Texsolv beams: a good choice?

by Catherine Malichecq

Texsolv runners are not widely used in Quebec - probably because the vast majority of looms manufactured there offer metal needles by default with one exception. Little known, they do not always have a good press and yet they have significant advantages. For some, they even outperform metal rails; we tell you why.

Before talking about the benefits, let's talk about these beams, their history and where they come from.
Texsolv is a Swedish company. Founded in 1977 by Sune Ivarsson and owned today by his son Thomas, it offers the Texlov system: stringers, rope with eyelets and various types of pins, a set of products specially designed for weaving. Currently, all over the world, the number of loom manufacturers using these products is constantly growing, and for good reason, the Texsolv system is effective.

The heddles - "solv" in Swedish - are made of knotless crochet polyester. This characteristic gives them extreme durability.
Their design allows them to be installed very easily on the frames. Indeed, they are available in lots (most often 100 units) and are linked to each other at the top and bottom by a thin cord. Opinions differ as to the use of these cords: some manufacturers recommend cutting them before use, which makes it much easier to use, in my opinion, especially when threading untracked or on multi-frame looms.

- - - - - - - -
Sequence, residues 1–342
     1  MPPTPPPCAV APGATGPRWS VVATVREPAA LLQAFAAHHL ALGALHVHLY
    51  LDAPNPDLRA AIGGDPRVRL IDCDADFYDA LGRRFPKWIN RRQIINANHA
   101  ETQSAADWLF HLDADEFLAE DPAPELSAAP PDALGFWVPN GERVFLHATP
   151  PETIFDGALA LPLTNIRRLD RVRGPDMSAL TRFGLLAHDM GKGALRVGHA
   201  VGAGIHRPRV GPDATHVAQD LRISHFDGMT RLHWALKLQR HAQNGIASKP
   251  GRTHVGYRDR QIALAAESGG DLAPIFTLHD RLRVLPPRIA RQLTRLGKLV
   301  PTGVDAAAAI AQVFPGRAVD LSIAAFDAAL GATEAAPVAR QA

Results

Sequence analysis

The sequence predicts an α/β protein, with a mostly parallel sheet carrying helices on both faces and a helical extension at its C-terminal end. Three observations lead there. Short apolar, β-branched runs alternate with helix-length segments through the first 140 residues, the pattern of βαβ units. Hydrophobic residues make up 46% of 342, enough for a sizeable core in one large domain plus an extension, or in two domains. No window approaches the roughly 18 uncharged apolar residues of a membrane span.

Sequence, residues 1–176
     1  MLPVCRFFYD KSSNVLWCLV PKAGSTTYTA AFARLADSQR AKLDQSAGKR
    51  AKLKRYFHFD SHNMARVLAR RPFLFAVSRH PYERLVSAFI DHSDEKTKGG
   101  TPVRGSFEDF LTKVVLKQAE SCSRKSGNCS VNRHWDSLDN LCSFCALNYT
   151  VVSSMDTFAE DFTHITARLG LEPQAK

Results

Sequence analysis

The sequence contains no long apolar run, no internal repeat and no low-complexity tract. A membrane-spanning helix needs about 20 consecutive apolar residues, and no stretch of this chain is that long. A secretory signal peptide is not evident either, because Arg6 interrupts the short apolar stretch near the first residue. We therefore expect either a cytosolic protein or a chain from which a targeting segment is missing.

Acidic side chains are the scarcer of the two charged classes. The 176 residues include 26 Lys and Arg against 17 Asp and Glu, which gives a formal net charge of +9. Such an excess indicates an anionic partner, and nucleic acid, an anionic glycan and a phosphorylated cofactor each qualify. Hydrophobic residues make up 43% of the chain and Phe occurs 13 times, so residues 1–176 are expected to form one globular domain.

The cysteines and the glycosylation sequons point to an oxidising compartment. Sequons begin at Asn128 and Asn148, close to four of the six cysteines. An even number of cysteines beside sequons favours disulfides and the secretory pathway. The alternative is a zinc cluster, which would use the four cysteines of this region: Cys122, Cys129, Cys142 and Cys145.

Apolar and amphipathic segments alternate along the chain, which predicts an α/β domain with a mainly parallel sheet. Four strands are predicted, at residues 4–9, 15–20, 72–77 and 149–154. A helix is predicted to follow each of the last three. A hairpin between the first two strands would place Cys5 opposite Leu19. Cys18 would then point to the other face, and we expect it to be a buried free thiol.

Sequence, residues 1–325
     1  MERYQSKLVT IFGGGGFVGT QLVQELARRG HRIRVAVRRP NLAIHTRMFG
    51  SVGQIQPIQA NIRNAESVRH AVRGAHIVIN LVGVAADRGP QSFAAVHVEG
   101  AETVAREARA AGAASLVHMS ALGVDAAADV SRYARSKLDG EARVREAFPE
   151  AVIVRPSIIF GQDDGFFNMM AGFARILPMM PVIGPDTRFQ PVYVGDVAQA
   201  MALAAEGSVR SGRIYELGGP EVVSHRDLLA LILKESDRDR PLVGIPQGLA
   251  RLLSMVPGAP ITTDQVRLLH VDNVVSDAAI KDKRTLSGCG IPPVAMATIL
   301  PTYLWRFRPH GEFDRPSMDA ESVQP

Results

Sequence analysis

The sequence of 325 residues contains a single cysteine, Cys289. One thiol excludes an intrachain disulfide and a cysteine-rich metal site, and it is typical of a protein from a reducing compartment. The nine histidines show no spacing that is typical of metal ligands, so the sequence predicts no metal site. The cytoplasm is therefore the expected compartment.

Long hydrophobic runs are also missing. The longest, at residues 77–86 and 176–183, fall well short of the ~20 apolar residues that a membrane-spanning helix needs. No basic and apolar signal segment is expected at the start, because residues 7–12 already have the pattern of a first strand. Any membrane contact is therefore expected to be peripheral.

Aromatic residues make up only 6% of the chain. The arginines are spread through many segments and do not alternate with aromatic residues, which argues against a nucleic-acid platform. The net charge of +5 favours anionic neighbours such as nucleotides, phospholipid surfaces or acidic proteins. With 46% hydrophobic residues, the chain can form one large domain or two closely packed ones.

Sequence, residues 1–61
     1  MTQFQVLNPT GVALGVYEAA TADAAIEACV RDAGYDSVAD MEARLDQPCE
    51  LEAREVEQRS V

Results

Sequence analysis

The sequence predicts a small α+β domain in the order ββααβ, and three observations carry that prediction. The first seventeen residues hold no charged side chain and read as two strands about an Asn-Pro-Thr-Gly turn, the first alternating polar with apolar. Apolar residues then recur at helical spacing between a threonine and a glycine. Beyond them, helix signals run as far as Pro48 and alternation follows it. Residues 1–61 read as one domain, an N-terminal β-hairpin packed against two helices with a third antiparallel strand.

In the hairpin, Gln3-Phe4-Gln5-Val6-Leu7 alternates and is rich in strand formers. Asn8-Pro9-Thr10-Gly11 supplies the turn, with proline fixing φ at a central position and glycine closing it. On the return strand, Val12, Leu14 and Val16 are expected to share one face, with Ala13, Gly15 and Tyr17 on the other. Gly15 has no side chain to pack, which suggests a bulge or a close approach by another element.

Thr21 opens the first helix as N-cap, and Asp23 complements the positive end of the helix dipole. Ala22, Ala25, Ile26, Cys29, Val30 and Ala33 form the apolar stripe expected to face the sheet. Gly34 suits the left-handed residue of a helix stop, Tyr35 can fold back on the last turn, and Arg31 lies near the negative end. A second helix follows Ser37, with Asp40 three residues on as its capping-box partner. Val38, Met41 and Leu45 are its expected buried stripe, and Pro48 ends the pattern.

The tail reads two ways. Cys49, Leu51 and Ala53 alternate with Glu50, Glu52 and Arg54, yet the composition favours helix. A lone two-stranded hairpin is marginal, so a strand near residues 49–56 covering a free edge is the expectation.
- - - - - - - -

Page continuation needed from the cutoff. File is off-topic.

There are other advantages to note about these beams.
Firstly, the noise, or rather the absence of noise: the vibration of the needles against the frames completely disappears thanks to these polyester runners, which is, in my opinion, very pleasant.
Second, their design reduces friction and thereby preserves warp yarns. Another point compared to the design, it allows an easy and fast threading which does not necessarily require the use of a passette. A simple movement with the fingers makes it possible to catch and pass the wire through the central part of the stringer. With practice, the time saved is not negligible.

Thirdly, the excess beams can remain on the frames, because they easily settle on the sides, taking up little space and adding no unnecessary weight.

Finally, for those who wish, it is possible to partially dye them, which could help reduce errors, for example on multi-frames.

As for the disadvantages, there may be some, but for the moment, they seem difficult to find!

See stringers for Ashford trades
See the beams for Louët looms

 


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